Lamont creating a much more costly retirement wave
Gov. Lamont’s tentative agreement with Connecticut state labor unions (the State Employees Bargaining Alliance Coalition, or SEBAC) compounds distortions in the natural process of renewal in the state workforce introduced by his predecessor. To prevent a retirement wave over the next three months, Lamont is offering huge wage raises and bonuses to induce employees to stay on the job.
Ironically, in battling a retirement surge created by his predecessor’s meddling, Lamont’s own meddling would create a much bigger and costlier wave in less than two and a half years.
In 2017, former governor Dannel Malloy created the current retirement dynamics. Malloy negotiated a wage agreement with no raises for two years, followed by two years of healthy 5.5% wage hikes. This forced employees to stick around. Now, employees have collected that cash.
Why should they stay around now? That’s not the only problem Lamont faces.
Not only did Malloy back-load the goodies, but he backloaded a strong kick in the rear end to propel employees into retirement. Employees who don’t retire by this coming June 30 will have to wait 30 months for the first cost-of-living increase to their pension benefits compared to the normal 12-month wait. Heard anything lately about inflation? Also, they will have to pay twice as much for their health insurance.
One wonders why Malloy did this, other than a narcissistic desire to retire in glory by kicking the can down the road — the “can” being reforms to overgenerous state employee compensation (5th highest of the 50 states, according to the most recent study) — reforms like the COLA “holiday” and the increased health insurance premiums, reforms that make governors unpopular.
Lamont doesn’t even have this rationale. Lamont’s “can” will land squarely in the middle of his second term in office, if he wins re-election in November. What is he thinking?
While Malloy kicked the proverbial can, Lamont is attempting to boot a barrel. Lamont’s three annual wage raises of about 4.5% (2.5% wage and 2.0% “step” increases) starting retroactively nine months ago will be fully baked into employees’ pensionable wage base by June 30, 2024. Wages will be about 14% higher given the compounding of those increases — and that ignores the “pensionable” cash bonuses in the deal.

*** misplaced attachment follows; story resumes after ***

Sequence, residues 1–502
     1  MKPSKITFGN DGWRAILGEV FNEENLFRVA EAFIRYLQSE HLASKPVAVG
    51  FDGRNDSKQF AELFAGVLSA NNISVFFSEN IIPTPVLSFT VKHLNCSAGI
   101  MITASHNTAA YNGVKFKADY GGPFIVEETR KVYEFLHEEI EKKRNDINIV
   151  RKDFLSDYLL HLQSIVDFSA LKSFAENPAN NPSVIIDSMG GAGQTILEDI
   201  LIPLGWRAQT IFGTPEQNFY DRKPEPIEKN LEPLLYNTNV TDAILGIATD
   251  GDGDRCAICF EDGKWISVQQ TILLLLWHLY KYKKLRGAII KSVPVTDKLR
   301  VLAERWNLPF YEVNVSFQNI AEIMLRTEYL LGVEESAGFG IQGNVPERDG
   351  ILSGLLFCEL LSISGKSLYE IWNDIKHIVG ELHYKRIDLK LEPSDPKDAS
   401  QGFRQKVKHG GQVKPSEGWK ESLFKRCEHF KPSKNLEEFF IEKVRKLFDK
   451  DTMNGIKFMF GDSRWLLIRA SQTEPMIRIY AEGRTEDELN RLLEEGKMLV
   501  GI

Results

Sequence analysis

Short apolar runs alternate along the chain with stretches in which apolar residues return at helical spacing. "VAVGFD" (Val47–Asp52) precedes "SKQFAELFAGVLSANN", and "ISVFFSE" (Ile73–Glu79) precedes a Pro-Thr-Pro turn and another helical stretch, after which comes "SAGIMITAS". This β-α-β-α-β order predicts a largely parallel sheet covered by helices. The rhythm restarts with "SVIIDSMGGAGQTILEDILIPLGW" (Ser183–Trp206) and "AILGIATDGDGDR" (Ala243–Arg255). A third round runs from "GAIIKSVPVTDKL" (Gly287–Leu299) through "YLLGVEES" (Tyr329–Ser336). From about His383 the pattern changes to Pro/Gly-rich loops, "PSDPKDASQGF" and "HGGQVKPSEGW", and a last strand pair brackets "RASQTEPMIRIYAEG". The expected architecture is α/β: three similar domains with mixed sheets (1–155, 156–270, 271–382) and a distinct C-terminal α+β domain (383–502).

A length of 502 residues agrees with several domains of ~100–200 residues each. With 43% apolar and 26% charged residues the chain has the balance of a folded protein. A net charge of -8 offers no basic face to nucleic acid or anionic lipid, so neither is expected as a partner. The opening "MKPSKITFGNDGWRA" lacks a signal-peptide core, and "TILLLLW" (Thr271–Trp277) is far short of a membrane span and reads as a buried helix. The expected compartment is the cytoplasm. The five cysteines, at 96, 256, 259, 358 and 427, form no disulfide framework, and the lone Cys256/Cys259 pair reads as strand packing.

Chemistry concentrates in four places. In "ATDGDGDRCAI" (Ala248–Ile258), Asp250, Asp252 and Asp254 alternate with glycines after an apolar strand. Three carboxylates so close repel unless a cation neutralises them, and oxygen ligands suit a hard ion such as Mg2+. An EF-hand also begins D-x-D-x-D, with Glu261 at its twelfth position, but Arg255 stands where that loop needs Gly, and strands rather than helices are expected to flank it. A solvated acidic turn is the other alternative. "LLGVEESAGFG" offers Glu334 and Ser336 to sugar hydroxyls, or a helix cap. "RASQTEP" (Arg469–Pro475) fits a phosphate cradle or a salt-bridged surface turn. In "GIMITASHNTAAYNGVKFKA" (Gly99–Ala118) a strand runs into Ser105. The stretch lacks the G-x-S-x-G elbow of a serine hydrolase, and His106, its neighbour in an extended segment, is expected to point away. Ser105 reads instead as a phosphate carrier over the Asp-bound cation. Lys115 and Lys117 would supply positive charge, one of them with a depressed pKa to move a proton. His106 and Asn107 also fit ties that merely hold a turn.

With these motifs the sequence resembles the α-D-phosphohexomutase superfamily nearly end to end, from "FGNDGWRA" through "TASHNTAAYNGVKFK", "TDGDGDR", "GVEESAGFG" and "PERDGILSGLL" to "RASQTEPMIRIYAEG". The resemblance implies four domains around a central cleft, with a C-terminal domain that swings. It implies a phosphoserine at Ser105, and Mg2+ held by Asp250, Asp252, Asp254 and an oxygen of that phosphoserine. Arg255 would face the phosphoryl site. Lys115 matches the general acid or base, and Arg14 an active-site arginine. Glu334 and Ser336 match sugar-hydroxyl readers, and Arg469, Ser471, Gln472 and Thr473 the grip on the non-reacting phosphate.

Why stick around? How much better can it get?
Now we come to the human element. Having been bribed to remain on the job for five more years by Malloy, and, then, for another two to three years by Lamont, many state employees will be quite old.
At some point, you just want to enjoy a peaceful retirement before you die. Financial incentives become less tempting.
And that’s not all. Not only will the wage base be more than 14% higher in less than three years, but the population of retirement-eligible state workers will grow dramatically. Currently, there are about 8,000 out of state agency workers who were identified as retirement-eligible in a consultant’s study commissioned by Lamont and submitted to him a year ago.
Boston Consulting Group (BCG) was mandated to find efficiencies in the state workforce and ways to automate state services so as to reduce the number of now-soon-to-retire employees who would need to be replaced.
In less than three years, according to the latest actuarial report on the state pension fund (SERS) covering all state employees, as many as 3,000, or 40%, more state agency workers in Tier II and Tier IIA will become 55 or older and eligible at least for early retirement. Note: as many as 5,000 of all state workers in these tiers will become 55, including state employees in non-agency jobs that are also covered by SERS.
Over the past year many observers have wondered what Lamont might have been doing with BCG’s recommendations. Apparently very little, or he wouldn’t be offering such rich bribes to keep employees on the job. He should have been hiring their replacements, maintaining a process of natural renewal of the workforce.
It is better to face today’s retirement wave than one in just two to three years that would be 60% more costly, based upon 14% higher wages and a 40% bigger cohort of retirees. Lamont’s procrastination comes with an enormous cost.
The General Assembly should reject Lamont’s tentative agreement with SEBAC.
Red Jahncke is president of The Townsend Group Intl, LLC, based in Connecticut. He is a regular contributor.